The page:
Intended for healthcare professionals

Practice Easily Missed?

Lung cancer

BMJ 2014; 349 doi: (Published 06 November 2014) Cite this as: BMJ 2014;349:g6560
  1. Richard D Neal, professor of primary care medicine1,
  2. William Hamilton, professor of primary care diagnostics2,
  3. Trevor K Rogers, consultant respiratory physician3
  1. 1North Wales Centre for Primary Care Research, Bangor University, Wrexham LL13 7YP, UK
  2. 2Department of Primary Care Diagnostics, University of Exeter Medical School, Exeter, UK
  3. 3Doncaster Royal Infirmary, Doncaster and Bassetlaw NHS Foundation Trust, Doncaster, UK
  1. Correspondence to: R D Neal r.neal{at}

The bottom line

  • Suspect lung cancer in all at-risk patients (age, smoking, chronic obstructive pulmonary disease) with a new respiratory symptom, or atypical non-respiratory symptom, even if they appear otherwise well

  • Consider lung cancer in non-smokers with suspicious symptoms, especially haemoptysis and multiple symptoms

  • Chest radiography is cheap, easy, widely available, and relatively harm free, but can be falsely negative. Have a low threshold for repeating or referring for specialist opinion (or considering computed tomography if available) if there are diagnostic suspicions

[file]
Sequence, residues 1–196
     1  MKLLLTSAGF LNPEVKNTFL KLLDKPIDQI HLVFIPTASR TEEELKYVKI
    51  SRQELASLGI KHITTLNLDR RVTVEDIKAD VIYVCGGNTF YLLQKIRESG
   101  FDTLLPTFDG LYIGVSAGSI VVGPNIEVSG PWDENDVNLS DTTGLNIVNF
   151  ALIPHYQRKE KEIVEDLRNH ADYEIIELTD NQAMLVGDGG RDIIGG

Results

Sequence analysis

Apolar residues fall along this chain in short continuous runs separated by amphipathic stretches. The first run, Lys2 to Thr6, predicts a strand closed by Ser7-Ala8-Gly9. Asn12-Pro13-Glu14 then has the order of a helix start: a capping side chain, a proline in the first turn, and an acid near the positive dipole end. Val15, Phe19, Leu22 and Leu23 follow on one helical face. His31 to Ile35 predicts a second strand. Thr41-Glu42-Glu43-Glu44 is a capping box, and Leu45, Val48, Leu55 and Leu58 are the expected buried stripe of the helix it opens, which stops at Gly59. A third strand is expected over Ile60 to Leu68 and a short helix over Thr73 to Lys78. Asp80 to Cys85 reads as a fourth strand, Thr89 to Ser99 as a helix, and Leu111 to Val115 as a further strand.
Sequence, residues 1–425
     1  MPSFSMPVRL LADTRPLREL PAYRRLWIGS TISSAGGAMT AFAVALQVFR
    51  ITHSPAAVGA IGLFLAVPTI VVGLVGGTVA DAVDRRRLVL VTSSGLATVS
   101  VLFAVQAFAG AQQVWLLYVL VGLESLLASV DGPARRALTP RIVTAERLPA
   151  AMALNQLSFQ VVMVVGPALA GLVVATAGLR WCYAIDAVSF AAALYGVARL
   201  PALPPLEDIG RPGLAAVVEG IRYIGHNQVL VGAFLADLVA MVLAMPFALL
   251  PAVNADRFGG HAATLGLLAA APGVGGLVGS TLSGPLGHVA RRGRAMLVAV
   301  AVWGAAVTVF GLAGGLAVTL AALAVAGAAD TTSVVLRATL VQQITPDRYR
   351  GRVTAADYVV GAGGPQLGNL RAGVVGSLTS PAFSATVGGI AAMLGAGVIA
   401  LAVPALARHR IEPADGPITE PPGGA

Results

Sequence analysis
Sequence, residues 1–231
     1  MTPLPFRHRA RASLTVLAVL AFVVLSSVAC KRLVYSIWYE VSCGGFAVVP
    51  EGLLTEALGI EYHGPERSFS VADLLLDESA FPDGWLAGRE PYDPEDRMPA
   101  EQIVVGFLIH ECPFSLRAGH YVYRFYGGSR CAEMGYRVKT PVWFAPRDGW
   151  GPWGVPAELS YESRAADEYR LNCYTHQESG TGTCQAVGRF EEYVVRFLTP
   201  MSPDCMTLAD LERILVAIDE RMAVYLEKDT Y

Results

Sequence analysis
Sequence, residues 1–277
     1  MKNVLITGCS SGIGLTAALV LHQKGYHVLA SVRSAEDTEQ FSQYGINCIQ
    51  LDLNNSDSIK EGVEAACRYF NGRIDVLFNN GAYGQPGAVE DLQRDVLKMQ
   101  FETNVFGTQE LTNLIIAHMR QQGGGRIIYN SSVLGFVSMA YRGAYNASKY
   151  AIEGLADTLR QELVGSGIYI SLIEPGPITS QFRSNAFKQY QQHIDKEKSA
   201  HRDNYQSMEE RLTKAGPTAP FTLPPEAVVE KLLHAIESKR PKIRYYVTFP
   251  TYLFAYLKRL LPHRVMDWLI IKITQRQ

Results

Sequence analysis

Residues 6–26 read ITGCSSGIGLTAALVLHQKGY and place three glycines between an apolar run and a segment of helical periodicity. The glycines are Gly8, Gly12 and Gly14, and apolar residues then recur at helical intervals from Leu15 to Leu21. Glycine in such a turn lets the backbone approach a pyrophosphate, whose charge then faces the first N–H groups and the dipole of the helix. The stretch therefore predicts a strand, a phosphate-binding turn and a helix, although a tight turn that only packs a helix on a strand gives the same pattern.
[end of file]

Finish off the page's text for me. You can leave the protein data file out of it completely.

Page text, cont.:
• Aim to diagnose patients as quickly as possible to optimise the chance of cure and active anti-cancer treatment

A 65 year old recent ex-smoker with a 20 pack year history and chronic obstructive pulmonary disease (COPD) consults his general practitioner because of worse chest symptoms over the past three weeks, with increasing breathlessness and production of green sputum, and a feeling of being “off colour.” Similar previous spells have been treated with antibiotics and steroids to good effect. On examination his temperature is normal, his heart rate is 88 beats/min, respiratory rate is 16 breaths/min, and oxygen saturation is 94% on air. He has tobacco stained fingers but no clubbing or evidence of weight loss. Scattered crackles and wheezes are found on auscultation of the lungs. After treatment with antibiotics and steroids he feels no better, and after two further consultations he is referred for chest radiography, which is reported as showing a lesion suspicious of lung cancer.

How common is it?

  • In 2011, there were 43 463 new cases of lung cancer in the United Kingdom, making it the second most common cancer and representing 13% of all new cancers1

  • The crude incidence rate is 77 cancer cases per 100 000 men in the UK, and 61 per 100 000 women

  • In most cases there is a history of smoking, and incidence increases with age

  • Patients …

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